for National Geographic News
U.S. National Park and Forest employees in the Appalachian Mountains were surprised this spring to come upon a highly unusual floral display: The forest was carpeted with thousands of white flowers of a plant that rarely blooms. The plant, known as turkeybeard, or mountain asphodel (Xerophyllum asphodeloides), is a rare species of lily.
It is a state-listed endangered or vulnerable species in portions of its Appalachian range and is included in the U.S. Center for Plant Conservation's National Collection of Endangered Plants.
Very few turkeybeards bloom in a given year. But the forest floors of two Virginia sites, George Washington National Forest and Shenandoah National Park, are covered with more than 25,000 of the plants. They have produced thousands of pompom-like blossoms of about 200 small flowers atop stalks 1.5 meters (4.5 feet) high. At least one impressive plant produced 27 stalks.
"None of the current park or forest employees has ever seen anything like this," said Norm Bourg, a research fellow at the Smithsonian Institution-National Zoological Parks Conservation Research Center in Front Royal, Virginia. His work has been funded by the National Fish and Wildlife Foundation, the Smithsonian Institution, the University of Maryland, and the U.S. Forest Service.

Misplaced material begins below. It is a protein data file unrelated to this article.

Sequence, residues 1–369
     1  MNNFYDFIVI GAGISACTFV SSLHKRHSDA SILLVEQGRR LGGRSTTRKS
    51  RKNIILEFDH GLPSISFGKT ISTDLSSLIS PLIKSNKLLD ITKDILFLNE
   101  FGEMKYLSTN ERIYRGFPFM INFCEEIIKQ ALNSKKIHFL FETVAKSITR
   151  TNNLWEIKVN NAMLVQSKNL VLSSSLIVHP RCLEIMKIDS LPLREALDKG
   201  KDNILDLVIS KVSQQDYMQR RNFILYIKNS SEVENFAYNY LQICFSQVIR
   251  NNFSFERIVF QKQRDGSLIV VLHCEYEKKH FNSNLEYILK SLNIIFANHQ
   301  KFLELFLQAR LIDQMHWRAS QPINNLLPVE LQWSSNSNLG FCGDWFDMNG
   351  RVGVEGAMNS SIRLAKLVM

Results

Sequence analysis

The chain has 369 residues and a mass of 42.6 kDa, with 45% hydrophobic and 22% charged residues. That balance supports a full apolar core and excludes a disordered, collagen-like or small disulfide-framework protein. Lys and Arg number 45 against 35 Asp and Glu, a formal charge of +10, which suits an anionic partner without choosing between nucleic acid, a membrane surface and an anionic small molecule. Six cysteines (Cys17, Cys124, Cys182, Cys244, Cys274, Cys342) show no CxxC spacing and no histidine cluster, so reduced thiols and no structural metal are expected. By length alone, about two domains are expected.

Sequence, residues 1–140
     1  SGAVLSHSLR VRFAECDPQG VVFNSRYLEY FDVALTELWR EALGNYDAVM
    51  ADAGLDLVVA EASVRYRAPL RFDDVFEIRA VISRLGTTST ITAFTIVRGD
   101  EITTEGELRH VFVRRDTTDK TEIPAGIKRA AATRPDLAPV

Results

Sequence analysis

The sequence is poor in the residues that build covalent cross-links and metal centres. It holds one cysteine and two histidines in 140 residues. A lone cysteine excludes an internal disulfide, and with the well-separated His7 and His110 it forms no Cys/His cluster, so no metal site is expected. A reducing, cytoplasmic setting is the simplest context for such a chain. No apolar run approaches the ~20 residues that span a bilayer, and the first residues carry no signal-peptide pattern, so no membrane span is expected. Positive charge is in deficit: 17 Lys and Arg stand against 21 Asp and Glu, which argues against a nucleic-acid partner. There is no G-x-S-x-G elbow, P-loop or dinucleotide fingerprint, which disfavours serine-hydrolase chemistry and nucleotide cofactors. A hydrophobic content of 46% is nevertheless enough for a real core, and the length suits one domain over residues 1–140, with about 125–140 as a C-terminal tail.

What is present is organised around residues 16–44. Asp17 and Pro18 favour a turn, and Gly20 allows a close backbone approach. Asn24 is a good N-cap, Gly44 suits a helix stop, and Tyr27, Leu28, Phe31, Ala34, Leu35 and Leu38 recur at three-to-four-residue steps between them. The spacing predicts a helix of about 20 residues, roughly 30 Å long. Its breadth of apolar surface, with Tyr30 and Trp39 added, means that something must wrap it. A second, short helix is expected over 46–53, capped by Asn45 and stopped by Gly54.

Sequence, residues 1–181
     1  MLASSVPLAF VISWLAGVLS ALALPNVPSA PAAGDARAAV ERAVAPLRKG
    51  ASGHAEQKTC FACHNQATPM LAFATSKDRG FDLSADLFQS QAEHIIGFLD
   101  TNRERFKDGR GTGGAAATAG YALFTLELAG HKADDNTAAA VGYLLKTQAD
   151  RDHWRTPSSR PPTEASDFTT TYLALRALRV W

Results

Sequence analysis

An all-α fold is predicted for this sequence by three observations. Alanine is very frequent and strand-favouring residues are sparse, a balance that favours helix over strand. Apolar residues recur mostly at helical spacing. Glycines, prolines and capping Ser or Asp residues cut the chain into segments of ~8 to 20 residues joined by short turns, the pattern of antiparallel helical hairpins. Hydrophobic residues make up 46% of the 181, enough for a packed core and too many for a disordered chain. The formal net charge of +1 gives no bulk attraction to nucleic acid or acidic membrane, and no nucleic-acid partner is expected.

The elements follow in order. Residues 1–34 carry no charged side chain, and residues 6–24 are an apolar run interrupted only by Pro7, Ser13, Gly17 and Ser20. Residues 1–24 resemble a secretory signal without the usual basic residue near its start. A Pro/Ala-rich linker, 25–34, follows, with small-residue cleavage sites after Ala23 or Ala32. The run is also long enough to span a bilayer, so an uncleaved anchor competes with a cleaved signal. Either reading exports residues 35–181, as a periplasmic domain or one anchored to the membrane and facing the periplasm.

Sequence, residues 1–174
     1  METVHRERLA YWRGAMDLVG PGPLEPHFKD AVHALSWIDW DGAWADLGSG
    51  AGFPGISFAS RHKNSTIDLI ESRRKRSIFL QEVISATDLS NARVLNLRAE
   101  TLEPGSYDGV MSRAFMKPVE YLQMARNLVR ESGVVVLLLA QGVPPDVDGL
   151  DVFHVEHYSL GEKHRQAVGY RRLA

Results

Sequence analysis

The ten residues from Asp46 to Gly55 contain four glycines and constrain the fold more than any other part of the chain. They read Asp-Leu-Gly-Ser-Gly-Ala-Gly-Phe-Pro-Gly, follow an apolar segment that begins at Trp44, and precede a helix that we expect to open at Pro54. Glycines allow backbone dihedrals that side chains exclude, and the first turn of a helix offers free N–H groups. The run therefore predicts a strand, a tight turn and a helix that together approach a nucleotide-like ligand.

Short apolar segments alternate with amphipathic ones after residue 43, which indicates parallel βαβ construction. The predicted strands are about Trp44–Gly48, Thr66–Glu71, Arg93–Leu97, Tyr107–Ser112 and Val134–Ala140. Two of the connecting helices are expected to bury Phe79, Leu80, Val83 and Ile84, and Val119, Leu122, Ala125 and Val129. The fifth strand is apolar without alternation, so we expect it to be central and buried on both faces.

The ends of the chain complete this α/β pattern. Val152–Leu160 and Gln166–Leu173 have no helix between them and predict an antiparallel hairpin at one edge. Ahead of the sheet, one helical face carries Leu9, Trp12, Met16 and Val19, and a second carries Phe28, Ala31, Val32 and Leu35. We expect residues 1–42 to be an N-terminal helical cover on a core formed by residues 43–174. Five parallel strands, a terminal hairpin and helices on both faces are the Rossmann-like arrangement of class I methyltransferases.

Bourg said the unusual display, which also occurred in 2001, is the result of forest fires that burned through the sites in 1999. The situation offers a case that underlines the importance of fires to the overall health of forest ecosystems.
Fire, ecologists and other scientists point out, is a component of natural cycles of forest growth and maintenance.
Plants and animals have evolved in response to periodic disturbances in ecosystems, including fire, said Steve Croy, an ecologist for the George Washington National Forest. "An ecosystem is never really static," he said. "The only constant is change." The situation is more complicated today, he added, because people have altered the magnitude and frequency of such disturbances through technology.
Doug Raeburn, a fire ecologist at Shenandoah National Park, said many of the forest fires today that do widespread damage "are fires started by people under the entirely wrong conditions."
In recent weeks, thousands of people have been forced out of their homes and at least 1.5 million acres have been burned by raging fires in several areas of the United States.
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